All subjects fasted and finished their health check-up prior to the assessment of their HRV. Body weight and height were measured in subjects clothed in a light gown without shoes; these measurements were used to calculate the body mass index (BMI; kg/m2). BP measurements were performed with a standard manual sphygmomanometer while participants were in sitting position. Antecubital venous blood samples were taken from all subjects after a 12-hour overnight fast. The levels of LDL, HDL, and fasting glucose were measured using a biochemistry autoanalyzer (Toshiba 200-FR; Toshiba, Tokyo, Japan). Information about smoking habits and past medical history were obtained using a self-administrated questionnaire.
To limit the influence of diurnal and environmental variations, the HRV measurements were taken while the patients were in a sitting position after resting for 20 minutes. The measurements were taken in the morning and at the same room by one trained research assistant according to a standardized method. The HRV measurement was taken twice for each subject with a short-term interval in-between. HRV recordings were obtained in each subject using a standard electrocardiogram (ECG) recorder implemented in SA6000 (Medicore Co. Ltd, Seoul, Korea). From the ECG of each subject, the HRV was extracted with an R-peak detection algorithm using differential ECG signals after preprocessing procedures, such as low-pass filtering and detrending. Recordings were excluded in the event of a failure to extract HRV from the ECG due to noise. Recordings with non-sinus beats that were more than 1% of the total number of beats were also excluded. Premature beats and artifacts were carefully eliminated automatically and manually by visual inspection of all RR intervals.
Using the time domain analysis of HRV, the mean length of all normal to normal RR intervals (MEAN), the standard deviation of all normal to normal R-R intervals (SDNN), the square root of the mean squared differences of successive normal sinus intervals (RMSSD), and the percentage of successive RR interval differences whose absolute value exceeds x ms (pNNx) were computed according to standardized procedures.20,21) In the frequency domain analysis, the total power (TP), the very low frequency (VLF) spectral power component, the low frequency (LF) spectral power component, and the high frequency (HF) spectral component were calculated. The TP was defined as the total area under the power spectral density (PSD) curve, VLF as the power between 0.00 and 0.04 Hz bands, LF as the power between 0.04 and 0.15 Hz, and HF as the power between 0.15 and 0.4 Hz bands under the PSD curve. The LF to HF ratio (LF/HF) and the normalized LF [LFnu = LF/(TP-VLF) × 100] and HF [HFnu = HF/(TP-VLF)] were computed.22-24) The intra-class correlation coefficient for SDNN, RMSSD, pNN10, pNN20, pNN30, pNN50, LF, HF, LF/HF, LFnu, and HFnu were 0.59, 0.68, 0.84, 0.91, 0.84, 0.77, 0.56, 0.66, 0.76, 0.73, and 0.66, respectively (P < 0.001).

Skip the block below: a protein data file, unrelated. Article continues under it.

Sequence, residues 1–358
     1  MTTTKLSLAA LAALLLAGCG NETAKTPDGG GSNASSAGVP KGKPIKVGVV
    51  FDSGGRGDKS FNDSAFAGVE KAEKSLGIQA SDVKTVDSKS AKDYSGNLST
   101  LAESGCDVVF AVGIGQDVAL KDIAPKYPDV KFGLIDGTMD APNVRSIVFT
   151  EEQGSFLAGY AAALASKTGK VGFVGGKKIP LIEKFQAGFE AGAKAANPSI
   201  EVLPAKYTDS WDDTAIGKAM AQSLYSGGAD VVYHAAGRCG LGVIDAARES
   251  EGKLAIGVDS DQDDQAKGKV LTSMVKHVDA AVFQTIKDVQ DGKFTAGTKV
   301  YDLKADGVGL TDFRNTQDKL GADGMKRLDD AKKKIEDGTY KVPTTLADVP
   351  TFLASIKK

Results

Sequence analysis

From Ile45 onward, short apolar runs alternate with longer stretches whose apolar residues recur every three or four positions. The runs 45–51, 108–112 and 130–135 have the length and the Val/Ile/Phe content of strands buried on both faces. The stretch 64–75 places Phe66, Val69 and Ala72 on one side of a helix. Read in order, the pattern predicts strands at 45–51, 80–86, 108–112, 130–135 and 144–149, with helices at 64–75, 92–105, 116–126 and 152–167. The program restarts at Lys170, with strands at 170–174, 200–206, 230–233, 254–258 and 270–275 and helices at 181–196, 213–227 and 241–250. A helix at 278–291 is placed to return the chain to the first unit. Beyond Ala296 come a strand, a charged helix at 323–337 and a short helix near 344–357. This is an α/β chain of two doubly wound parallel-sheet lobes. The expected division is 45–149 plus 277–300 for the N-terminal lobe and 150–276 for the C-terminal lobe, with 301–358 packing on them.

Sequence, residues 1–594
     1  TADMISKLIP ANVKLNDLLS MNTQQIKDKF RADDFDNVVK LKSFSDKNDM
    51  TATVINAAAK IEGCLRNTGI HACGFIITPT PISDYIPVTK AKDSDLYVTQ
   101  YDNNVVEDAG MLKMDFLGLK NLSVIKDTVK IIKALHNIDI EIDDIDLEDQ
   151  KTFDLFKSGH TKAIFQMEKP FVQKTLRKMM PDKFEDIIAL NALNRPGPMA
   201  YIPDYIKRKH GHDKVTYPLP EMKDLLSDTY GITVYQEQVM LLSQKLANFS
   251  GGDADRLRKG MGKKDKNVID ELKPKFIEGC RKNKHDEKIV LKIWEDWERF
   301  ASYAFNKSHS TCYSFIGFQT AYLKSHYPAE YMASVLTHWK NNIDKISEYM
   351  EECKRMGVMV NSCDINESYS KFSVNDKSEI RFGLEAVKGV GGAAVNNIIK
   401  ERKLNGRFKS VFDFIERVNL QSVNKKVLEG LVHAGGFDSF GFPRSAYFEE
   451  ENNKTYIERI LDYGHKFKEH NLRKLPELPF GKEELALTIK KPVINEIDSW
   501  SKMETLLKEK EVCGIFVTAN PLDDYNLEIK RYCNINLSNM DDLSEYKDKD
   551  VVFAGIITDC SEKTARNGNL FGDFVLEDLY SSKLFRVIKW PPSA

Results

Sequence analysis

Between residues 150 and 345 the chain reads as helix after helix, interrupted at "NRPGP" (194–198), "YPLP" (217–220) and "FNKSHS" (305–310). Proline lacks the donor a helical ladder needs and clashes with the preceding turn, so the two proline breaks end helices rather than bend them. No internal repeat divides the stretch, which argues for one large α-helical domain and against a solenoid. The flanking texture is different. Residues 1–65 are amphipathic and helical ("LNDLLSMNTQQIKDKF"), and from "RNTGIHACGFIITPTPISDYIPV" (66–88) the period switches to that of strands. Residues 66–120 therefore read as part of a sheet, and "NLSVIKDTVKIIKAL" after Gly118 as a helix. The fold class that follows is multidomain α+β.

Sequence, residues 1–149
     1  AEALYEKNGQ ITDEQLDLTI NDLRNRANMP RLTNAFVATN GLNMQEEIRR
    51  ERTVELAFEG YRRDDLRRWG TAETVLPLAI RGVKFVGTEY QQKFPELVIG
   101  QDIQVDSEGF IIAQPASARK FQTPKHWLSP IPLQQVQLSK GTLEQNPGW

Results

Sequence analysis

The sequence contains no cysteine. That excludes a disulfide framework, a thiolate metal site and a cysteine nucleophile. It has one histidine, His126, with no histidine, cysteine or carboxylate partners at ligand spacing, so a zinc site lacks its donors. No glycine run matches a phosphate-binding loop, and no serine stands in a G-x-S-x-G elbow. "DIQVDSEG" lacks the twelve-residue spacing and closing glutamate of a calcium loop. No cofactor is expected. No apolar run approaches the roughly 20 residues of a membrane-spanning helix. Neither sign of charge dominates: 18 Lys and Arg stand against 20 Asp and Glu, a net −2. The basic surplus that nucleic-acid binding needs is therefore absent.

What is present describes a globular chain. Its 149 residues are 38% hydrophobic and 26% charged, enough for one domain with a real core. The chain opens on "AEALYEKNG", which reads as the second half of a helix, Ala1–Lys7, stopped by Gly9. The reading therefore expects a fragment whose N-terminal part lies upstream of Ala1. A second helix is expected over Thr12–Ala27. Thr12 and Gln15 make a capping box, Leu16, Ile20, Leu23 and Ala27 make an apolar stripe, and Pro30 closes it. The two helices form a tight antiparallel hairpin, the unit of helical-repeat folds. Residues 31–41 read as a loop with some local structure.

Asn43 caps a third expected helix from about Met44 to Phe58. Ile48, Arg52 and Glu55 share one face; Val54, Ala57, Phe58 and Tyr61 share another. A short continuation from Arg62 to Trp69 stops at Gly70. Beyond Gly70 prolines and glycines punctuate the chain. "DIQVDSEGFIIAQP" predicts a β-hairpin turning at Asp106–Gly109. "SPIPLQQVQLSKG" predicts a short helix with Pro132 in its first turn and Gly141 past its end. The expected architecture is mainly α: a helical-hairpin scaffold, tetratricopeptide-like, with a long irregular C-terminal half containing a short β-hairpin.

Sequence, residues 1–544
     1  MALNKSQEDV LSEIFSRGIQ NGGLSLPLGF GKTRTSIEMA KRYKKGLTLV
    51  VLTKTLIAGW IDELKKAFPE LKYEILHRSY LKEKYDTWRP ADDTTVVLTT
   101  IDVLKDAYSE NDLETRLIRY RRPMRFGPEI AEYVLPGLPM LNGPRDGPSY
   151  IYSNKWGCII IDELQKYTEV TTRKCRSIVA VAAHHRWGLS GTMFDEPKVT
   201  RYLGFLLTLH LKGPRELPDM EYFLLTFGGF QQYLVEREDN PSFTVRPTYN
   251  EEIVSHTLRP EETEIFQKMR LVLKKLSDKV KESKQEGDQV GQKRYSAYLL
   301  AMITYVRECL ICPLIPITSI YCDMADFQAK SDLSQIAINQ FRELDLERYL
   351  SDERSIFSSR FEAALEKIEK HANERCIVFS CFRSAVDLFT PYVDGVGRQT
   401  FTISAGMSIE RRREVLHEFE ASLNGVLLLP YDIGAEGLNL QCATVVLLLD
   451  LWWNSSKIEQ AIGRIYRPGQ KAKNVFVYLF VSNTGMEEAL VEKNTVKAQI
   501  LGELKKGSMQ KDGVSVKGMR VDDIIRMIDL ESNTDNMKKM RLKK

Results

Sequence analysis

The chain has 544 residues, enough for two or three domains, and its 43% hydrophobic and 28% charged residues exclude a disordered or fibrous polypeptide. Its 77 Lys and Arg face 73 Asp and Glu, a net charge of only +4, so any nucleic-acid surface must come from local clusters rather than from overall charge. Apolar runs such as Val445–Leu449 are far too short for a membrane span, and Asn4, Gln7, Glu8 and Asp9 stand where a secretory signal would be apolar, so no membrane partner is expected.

The FRS and 10-year risk of CHD development were determined by calculating the number of Framingham points assigned to each risk factor such as age, LDL, HDL, BP (regardless of the use of antihypertensive medications), cigarette smoking, and diabetes mellitus (having a diagnosis, fasting glucose ≥ 126 mg/dL, or hemoglobin A1C > 6.5).19)

1. Statistical Analyses

As the distribution of HRV parameters and FRS (and 10 year CHD risk) were skewed, median and interquartile ranges were used. A natural logarithmic transformation was applied to normalize the distribution of LF and HF.24) The Spearman correlation coefficients between the HRV measures and the CHD risk scores (FRS and 10 year CHD risk) were calculated for the total population of subjects and for each gender. The HRV measures were compared between those with a high 10-year CHD risk (≥ 10%) and those with a low 10-year CHD risk (< 10%) using Mann-Whitney test. The predictive ability of each HRV measure with respect to higher 10-year CHD risk was analyzed using the receiver operating characteristic (ROC) curves and logistic regression analyses. ROC curve calculated the area under the ROC curve (AUC) to identify higher 10-year CHD risk scores. Logistic regression analyses were conducted for the z-score of each HRV measure after adjustment for sex and BMI. These analyses were performed using SPSS ver. 17.0 (SPSS Inc., Chicago, IL, USA).